Obesity is recognised as one of the worst health epidemics worldwide, with 617,000 obesity-related admissions reported by the NHS in 2016/17.
Obesity can lead to health complications such as Type 2 Diabetes, coronary heart disease, stroke and certain types of cancer as well generally reducing quality of life.
A Growing Global Challenge
Worldwide obesity has nearly tripled since 1975. In 2016, more than 1.9 billion adults, 18 years and older, were overweight. Of these, over 650 million were obese.
These serious conditions can be life-threatening.
How can individuals and their health providers more effectively understand and treat the conditions associated with obesity?
Understanding the role of energy expenditure in controlling body weight is one crucial element.
Effective monitoring of an individual’s energy expenditure and caloric needs can help control and manage the health and wellbeing of the individual, reducing their likelihood of developing such conditions.
Harnessing the power of ECG biometrics is one exciting technological advancement that could do just that.
Understanding Energy Expenditure and Balance
Energy expenditure is a measurement used to determine the number of calories burned by an individual, including the caloric demands to carry out basic functions such as breathing, digestion and temperature regulation to increased caloric demands of physical exercise.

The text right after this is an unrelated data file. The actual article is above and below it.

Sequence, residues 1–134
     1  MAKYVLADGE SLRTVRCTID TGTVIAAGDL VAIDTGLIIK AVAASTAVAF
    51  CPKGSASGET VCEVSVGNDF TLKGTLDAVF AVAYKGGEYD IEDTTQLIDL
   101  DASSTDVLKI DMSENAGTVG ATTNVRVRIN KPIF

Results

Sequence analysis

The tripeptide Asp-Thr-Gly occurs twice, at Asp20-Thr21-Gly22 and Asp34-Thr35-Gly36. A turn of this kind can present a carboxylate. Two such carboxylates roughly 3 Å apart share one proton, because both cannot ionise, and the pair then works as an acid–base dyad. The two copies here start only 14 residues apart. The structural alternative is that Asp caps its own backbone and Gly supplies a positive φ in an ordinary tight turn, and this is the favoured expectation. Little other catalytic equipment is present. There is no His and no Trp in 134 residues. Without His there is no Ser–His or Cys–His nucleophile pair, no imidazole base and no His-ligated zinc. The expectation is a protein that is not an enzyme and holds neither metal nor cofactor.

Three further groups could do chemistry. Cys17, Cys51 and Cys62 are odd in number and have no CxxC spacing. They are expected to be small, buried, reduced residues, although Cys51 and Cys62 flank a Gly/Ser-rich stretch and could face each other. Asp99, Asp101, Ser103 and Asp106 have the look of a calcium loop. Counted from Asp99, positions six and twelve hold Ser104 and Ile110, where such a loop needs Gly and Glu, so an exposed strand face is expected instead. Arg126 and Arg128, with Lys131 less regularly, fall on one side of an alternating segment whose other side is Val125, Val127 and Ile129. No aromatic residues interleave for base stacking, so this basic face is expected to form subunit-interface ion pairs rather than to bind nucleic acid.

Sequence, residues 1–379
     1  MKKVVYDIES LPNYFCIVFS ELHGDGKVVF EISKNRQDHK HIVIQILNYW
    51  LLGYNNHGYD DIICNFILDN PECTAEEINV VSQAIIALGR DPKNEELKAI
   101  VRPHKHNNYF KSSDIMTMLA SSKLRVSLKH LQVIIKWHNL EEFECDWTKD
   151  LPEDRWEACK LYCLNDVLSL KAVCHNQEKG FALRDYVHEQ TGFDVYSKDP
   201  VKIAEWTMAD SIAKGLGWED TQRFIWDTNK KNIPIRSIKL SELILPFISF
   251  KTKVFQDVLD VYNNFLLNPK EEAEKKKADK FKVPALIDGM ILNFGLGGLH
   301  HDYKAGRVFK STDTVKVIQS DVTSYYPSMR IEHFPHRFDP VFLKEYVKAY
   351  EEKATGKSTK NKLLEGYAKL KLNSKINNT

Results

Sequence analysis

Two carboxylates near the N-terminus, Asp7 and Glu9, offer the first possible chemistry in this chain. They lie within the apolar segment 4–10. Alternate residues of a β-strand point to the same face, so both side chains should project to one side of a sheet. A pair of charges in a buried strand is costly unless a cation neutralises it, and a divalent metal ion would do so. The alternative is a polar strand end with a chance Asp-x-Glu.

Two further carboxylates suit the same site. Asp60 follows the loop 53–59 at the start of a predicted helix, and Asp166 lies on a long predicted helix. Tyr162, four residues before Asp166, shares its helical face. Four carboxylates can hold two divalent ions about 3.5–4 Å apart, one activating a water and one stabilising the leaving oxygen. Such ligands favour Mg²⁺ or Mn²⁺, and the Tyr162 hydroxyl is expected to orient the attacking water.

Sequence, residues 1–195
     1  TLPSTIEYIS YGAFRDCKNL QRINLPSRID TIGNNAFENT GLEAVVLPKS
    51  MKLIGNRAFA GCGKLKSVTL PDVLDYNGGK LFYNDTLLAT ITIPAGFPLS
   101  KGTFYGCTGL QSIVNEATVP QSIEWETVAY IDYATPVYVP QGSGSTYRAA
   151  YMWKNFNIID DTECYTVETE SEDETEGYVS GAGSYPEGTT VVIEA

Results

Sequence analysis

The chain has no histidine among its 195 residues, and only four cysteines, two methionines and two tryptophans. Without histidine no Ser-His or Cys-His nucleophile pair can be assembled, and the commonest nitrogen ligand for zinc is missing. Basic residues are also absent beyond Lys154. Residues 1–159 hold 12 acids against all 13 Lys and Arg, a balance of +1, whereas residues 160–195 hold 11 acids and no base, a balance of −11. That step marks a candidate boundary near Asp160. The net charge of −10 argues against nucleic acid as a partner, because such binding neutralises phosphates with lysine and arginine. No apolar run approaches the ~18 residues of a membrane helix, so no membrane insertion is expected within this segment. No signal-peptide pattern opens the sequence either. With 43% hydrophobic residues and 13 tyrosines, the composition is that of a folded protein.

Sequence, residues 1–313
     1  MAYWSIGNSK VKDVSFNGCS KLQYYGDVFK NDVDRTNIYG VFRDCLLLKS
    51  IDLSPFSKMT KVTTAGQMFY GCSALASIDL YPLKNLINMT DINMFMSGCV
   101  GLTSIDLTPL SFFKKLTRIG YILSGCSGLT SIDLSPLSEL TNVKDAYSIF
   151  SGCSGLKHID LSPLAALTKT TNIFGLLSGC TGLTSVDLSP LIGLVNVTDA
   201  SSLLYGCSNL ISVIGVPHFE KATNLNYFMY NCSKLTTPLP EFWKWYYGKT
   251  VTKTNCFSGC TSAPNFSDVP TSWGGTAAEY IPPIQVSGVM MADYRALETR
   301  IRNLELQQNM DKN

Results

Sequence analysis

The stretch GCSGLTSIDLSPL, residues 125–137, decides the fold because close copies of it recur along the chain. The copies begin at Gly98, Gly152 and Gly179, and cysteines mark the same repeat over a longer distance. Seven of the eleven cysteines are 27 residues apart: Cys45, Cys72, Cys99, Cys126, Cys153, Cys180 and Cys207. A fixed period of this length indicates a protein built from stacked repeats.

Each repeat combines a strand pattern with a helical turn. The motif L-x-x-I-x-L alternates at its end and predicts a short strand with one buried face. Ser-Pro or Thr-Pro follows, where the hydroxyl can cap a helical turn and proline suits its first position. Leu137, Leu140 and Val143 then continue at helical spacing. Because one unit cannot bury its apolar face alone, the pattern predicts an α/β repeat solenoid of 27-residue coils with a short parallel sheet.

It is calculated by health professionals as the sum of the basal metabolic rate (the amount of energy expended while at complete rest), the thermic effect of food (TEF, the energy required to digest and absorb food) and the energy expended through deliberate and non-deliberate activity.
Energy balance refers to the difference between the number of calories consumed versus the number of calories expended, typically over the course of a day. Within this context, the terms energy and calories are used interchangeably with a calorie defined as “the energy required to raise the temperature of 1 kilogram of water through 1°C."
Put simply, if the number of calories consumed via dietary intake exceeds the number of calories the body requires to maintain it’s current body weight, including the additional calorie demands of physical activity, then an individual will gain bodyweight. Conversely, the opposite is true.
Energy balance is widely acknowledged as the most significant contributing factor to the global obesity crisis.
This makes understanding an individual’s energy balance key to managing the chronic conditions associated with obesity.
Monitoring Energy Expenditure: B-Secur Reports
Total energy expenditure is commonly comprised of four main components in humans: basal metabolic rate (BMR), thermic effect of food (TEF), non-exercise activity thermogenesis (NEAT) and the thermic effect of activity (TEA).
Arriving at a total involves a series of calculations, at least several of which will be based on approximations.
Using ECG biometrics could prove to be an integral part of understanding energy expenditure, with more personalised, detailed health data insights.
B-Secur’s HeartKey Energy Expenditure algorithm is one way we’re using ECG biometrics to help health providers access these insights.
"It is important we test our algorithm against comparative devices and technologies to constantly evaluate HeartKey and ensure we remain proactive in the market."